It is a humid Friday night in Phoenixville, Pennsylvania. There are a number of people strolling along the main street where restaurants, taverns and quant little shops take up occupancy in this sleepy little town. Out of nowhere hundreds of crazed people come streaming out of the local movie theater, The Colonial. These people are screaming as if there is something chasing them from the theater- something sinister, something blood thirsty, something Blob-like. There is only one possibility. It must be Blobfest!
There is one weekend out of the year when the old iron and steel town of Phoenixville transforms itself to Blob Central. Phoenixville was the setting of the 1958 film, “The Blob”, where a gelatinous monstrosity crashed to earth and began devouring any living thing that dared cross its path. For the last 11 years the city has devoted one weekend a year to the loving legacy that only a massive blob from outer space can leave. The three day event begins with a reenactment of one of the most famous scenes in the film. In the film, a group of teenagers gather at The Colonial to take in some B-move goodness when the Blob oozes into the theater. The result is a frenzied mob running from the theater doors. Now, 53 years since that scene first graced the drive-in screens of America, hundreds of Phoenixville residents and Blob enthusiasts gather in the lobby of the Colonial and spill out onto the street. It is truly one of the most unique traditions that one is liable to find in small-town America.
The residents of Phoenixville absolutely love bizarre association that their town has with the B-Movie classic. “Look around!” local resident Debbie Hannum says, “All of these people gathered together for a silly movie. These are the kinds of things that most people reminisce about with their children. I’m lucky enough to experience it with my kids. They just don’t do stuff like this anymore.” Debbie’s youngest daughter Carla certainly agrees as she runs down the main drag screaming, “Blobfest is awesome!”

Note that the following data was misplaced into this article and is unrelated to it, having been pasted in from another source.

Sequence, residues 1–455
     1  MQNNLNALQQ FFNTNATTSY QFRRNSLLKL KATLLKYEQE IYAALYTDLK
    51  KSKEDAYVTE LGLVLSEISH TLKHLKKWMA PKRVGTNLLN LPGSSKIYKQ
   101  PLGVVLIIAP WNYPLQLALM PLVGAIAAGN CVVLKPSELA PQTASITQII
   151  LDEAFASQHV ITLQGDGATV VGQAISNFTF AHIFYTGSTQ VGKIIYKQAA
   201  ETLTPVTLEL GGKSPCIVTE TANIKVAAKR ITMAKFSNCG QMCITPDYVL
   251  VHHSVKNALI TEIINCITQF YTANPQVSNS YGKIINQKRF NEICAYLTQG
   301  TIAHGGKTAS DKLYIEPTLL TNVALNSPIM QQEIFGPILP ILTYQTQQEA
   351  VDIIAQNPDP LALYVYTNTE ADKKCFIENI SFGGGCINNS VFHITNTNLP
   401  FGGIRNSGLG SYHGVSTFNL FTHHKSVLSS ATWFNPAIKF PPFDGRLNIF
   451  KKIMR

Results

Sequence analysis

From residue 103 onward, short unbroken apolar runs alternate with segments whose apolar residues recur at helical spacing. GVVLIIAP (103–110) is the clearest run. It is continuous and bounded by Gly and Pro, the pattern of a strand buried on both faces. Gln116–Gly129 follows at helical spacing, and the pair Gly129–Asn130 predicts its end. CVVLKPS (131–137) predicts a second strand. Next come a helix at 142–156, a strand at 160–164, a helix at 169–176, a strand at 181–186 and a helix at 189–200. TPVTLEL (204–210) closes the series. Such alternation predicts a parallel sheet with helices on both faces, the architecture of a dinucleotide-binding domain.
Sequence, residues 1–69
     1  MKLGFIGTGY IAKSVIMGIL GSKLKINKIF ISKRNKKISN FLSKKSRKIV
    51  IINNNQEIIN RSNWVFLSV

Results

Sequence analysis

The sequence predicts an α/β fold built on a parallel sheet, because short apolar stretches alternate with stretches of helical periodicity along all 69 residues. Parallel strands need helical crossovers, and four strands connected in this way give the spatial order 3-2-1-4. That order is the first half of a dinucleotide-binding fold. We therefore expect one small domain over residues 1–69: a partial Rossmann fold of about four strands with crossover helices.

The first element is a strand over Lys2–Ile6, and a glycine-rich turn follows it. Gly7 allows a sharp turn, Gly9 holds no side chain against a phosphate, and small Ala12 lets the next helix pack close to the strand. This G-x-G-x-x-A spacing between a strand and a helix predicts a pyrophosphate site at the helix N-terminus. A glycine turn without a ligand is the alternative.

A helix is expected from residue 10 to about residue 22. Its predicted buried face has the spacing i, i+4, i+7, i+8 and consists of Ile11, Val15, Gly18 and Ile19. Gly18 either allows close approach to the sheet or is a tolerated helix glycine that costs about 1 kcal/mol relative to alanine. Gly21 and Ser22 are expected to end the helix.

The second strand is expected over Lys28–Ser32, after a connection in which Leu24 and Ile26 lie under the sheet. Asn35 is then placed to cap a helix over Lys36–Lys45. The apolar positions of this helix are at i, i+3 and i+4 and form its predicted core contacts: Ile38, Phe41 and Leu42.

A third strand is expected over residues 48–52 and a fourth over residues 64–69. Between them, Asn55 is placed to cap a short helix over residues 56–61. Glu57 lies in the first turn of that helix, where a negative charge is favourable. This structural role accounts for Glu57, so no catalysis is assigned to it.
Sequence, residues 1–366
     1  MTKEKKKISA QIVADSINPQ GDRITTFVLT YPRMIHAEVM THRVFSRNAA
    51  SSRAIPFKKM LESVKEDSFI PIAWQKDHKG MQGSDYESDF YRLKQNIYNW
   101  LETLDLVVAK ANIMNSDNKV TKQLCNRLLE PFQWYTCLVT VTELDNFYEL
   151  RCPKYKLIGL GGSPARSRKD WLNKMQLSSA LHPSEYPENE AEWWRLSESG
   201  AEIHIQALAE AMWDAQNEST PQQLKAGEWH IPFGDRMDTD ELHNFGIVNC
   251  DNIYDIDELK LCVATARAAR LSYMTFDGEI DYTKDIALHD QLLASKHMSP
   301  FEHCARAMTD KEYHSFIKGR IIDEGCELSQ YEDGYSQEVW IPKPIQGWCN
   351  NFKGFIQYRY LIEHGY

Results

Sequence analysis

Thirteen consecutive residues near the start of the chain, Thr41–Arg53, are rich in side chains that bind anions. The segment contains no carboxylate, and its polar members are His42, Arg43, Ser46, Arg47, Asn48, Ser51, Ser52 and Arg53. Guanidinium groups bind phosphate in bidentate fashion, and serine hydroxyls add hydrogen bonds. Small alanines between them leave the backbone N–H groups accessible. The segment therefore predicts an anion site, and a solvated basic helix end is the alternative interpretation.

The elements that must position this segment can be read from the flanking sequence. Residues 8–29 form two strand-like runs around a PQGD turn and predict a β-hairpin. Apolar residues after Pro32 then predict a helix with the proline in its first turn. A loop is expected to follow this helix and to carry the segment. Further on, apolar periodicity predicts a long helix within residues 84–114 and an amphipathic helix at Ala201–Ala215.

The festival is not only a celebration of The Blob, but more a celebration of a simpler time. There are family games that completely eschew the modern idea of “fun” and instead rely on imagination and enthusiasm. Events like The Screaming Contest, Fire Extinguisher Parade and the Monster Costume Contest bring kids back to the days when video games and the internet where not the main form of entertainment. Classic muscle cars sit dormant as they are displayed along the streets but one gets the feeling they would be ready to drag at the drop of a hat. Heck, even the music seems more genuine with the sweet rockabilly sounds of The Buzzards filling the summer air. One can’t help but chuckle as Buzzards front man, Roy Wilson, muses about a time when the cars were built in Detroit just before the band launches into a raucous version of Johnny Cash’s “One Piece At A Time.”
Blobfest is like nothing else. It is a true festival for people of all ages- whether they be very young or very young at heart. There truly is something magical about an event where the film is shown on celluloid, the music has a heart, the cars have some power and everyone has a smile on their face. This years Blobfest was summed up nicely by a 2 and-a-half year old local named Kyle when he simply stated that “Blobfest is the greatest ever!” There is a town and a whole legion of Blob fans that would gladly agree with him.
Read more about Blobfest at the official site.
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